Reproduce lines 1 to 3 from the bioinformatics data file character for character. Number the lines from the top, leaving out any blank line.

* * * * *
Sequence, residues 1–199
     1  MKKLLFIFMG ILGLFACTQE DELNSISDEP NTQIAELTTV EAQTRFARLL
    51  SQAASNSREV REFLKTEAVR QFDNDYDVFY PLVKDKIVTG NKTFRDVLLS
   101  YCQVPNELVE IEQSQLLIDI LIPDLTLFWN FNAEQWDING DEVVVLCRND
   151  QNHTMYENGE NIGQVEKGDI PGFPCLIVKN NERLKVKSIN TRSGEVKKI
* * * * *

Sequence, residues 1–199
     1  MKKLLFIFMG ILGLFACTQE DELNSISDEP NTQIAELTTV EAQTRFARLL
    51  SQAASNSREV REFLKTEAVR QFDNDYDVFY PLVKDKIVTG NKTFRDVLLS